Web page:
Methods for serological and PCR detection of Salmonella enteritidis in chickens.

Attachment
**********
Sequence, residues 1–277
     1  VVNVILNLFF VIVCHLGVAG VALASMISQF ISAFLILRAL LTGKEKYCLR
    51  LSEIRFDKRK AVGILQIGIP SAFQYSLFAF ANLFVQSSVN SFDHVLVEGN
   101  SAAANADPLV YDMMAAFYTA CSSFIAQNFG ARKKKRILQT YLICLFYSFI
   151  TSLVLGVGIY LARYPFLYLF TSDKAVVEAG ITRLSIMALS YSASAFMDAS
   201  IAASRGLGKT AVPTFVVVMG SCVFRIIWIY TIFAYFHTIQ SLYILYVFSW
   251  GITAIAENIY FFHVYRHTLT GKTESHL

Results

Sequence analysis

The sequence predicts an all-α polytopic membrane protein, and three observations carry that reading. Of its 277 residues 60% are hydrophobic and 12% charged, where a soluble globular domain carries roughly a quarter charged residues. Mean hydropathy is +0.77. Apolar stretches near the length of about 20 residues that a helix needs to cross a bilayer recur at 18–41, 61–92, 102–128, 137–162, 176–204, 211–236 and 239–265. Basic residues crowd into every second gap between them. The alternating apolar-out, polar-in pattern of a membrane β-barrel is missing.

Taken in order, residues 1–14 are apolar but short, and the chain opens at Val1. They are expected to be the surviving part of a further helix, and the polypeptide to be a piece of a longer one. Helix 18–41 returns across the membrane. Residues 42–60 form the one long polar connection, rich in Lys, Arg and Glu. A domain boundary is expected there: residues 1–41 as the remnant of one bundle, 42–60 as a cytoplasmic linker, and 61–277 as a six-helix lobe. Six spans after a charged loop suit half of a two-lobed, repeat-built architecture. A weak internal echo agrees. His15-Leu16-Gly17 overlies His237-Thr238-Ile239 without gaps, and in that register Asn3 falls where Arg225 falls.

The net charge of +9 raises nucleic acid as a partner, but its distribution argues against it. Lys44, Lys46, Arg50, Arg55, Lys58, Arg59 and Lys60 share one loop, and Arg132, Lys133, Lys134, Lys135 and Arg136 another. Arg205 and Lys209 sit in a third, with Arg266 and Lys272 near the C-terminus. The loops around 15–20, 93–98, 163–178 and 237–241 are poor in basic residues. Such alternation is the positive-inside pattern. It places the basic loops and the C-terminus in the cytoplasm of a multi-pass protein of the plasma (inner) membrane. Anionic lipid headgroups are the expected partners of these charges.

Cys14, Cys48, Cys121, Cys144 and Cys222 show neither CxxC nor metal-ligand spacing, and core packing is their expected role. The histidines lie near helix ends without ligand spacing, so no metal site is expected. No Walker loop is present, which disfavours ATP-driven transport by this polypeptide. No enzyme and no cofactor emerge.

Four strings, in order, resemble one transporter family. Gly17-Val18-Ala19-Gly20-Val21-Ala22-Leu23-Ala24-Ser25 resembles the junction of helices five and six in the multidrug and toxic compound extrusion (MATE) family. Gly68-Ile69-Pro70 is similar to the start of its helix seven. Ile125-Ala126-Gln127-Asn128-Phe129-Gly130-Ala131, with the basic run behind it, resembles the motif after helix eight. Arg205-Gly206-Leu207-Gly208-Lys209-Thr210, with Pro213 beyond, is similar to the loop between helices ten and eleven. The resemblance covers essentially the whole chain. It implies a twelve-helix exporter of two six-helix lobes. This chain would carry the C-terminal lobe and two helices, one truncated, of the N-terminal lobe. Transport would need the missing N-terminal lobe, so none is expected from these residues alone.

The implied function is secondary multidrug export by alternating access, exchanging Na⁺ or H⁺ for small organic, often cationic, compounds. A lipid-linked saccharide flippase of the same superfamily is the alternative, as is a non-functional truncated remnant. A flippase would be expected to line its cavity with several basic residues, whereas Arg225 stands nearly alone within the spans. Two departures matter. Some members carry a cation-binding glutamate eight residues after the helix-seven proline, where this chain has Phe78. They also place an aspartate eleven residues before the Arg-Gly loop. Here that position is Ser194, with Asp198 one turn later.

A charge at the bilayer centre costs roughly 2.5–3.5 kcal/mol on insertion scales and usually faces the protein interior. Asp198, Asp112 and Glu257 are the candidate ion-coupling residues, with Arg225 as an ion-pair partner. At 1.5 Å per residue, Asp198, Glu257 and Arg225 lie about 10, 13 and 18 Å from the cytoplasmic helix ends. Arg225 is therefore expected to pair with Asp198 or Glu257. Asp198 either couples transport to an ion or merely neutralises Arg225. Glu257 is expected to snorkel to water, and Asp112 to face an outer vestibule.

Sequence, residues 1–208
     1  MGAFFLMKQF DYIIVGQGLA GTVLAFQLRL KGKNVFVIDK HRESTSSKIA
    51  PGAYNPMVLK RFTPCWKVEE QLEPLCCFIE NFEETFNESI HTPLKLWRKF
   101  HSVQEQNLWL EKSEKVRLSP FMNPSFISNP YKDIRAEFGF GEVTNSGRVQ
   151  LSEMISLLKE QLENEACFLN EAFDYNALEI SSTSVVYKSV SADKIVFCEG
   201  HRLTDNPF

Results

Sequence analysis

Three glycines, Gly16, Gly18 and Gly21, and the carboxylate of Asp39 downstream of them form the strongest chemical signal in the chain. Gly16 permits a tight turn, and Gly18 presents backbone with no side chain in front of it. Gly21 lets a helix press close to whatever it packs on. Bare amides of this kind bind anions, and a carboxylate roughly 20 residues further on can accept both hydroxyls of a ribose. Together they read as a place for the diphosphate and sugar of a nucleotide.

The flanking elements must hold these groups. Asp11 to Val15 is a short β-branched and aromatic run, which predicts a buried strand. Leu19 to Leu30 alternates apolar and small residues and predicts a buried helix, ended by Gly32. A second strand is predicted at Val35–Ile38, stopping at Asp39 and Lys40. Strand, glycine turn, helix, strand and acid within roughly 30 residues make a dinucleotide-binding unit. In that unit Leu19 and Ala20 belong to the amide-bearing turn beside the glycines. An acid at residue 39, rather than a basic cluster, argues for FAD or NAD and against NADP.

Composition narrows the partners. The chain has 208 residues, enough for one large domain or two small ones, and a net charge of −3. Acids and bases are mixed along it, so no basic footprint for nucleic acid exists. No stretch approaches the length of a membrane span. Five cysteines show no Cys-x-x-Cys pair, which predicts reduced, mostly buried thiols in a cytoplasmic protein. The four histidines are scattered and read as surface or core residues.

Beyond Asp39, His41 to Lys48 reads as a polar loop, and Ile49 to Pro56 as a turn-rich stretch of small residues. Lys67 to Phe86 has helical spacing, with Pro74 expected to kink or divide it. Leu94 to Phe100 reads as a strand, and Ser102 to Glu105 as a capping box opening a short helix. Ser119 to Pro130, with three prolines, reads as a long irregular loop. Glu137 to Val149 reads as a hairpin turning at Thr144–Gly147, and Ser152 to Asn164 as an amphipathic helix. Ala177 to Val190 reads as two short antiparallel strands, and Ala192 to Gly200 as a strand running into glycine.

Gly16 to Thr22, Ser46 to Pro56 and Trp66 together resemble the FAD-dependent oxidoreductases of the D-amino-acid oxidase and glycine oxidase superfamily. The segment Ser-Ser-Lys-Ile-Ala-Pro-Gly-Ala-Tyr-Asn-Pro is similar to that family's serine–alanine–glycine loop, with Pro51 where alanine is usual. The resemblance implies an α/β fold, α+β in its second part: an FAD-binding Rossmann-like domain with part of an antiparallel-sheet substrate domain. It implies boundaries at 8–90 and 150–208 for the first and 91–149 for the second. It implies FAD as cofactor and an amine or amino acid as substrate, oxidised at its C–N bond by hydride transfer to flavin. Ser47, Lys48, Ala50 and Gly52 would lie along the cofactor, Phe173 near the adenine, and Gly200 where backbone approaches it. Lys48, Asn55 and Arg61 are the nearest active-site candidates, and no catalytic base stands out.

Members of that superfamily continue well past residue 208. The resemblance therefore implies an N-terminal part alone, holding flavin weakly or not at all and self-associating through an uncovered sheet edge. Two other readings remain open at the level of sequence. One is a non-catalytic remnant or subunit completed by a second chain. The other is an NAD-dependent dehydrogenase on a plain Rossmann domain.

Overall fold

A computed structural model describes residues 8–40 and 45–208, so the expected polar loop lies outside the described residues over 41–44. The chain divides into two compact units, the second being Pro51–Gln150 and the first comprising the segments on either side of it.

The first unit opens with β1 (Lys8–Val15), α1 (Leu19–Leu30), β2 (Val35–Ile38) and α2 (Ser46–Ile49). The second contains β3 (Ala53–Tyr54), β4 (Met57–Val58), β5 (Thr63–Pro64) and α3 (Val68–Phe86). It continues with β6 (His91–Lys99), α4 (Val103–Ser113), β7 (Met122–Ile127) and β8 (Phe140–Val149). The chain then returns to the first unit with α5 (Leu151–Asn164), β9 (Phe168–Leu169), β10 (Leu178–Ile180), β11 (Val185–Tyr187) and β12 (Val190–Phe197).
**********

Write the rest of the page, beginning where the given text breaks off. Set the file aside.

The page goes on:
Salmonella enteritidis (S. enteritidis) is a bacterial pathogen of chickens, and is currently one of the leading causes of human food poisoning in the world. It is believed that contaminated poultry products, especially eggs and egg products, have been responsible for the dramatic increase in the incidence of this Salmonella serotype. Detection of S. entertidis has conventionally involved bacteriological examination of samples, yet these procedures are time-consuming which could lead to the rapid spread of S. enteritidis through commercial flocks and potentially cause a human health risk. A number of alternative detection techniques, mostly based on serological methods, have been reported as effective diagnostic assays. However, some of these reports have not been supported by representations of SDS-PAGE gels or Western blots. The objective of this study was the evaluation of these serological techniques as well as a PCR amplification technique, which has been reported to show promising results as a diagnostic method. The techniques discussed in these reports were evaluated with regards to how rapid they were, their specificity and their potential for use in local diagnostic laboratories. Antigens from the outer surface of S. enteritidis were purified by several methods and their antigenicity was tested by separating the antigens by means of SDS-PAGE, followed by Western blotting using sera of chickens infected with S. enteritidis. A high degree of cross reactivity was observed with many of the antigens tested, especially the lipopolysaccharides (LPSs) and outer membrane proteins (OMPs) which had previously been reported as containing antigens which could be used for specific detection of S. enteritidis. This cross-reactivity could be explained by the conserved nature of many of the LPS and OMP antigens among the Salmonella serotypes tested. A fimbrial antigen, SEF14, which has been reported as a novel antigen, was seen as a prominent band at 14.3 kDa and was found to react with antibodies against S. enteritidis, yet not to the specificity levels described in previous reports. PCR amplification of the sefA gene sequence, which encodes for the SEF14 fimbrial antigen, was found to give a predicted product of 310 bp when using a previously described oligonucleotide primer pair. This amplified product was found to be specific for S. enteritidis and other serogroup D Salmonella serotypes that are not poultry pathogens The cross-reactivity observed with many of the serological techniques used in this study, meant that detection of S. enteritidis infection in chickens was considerably hindered. However, the identification of further novel antigens by serological means, could result in the development of new vaccines. The specificity and speed afforded by PCR amplification indicated that this technique showed excellent potential for use in local diagnostic laboratories.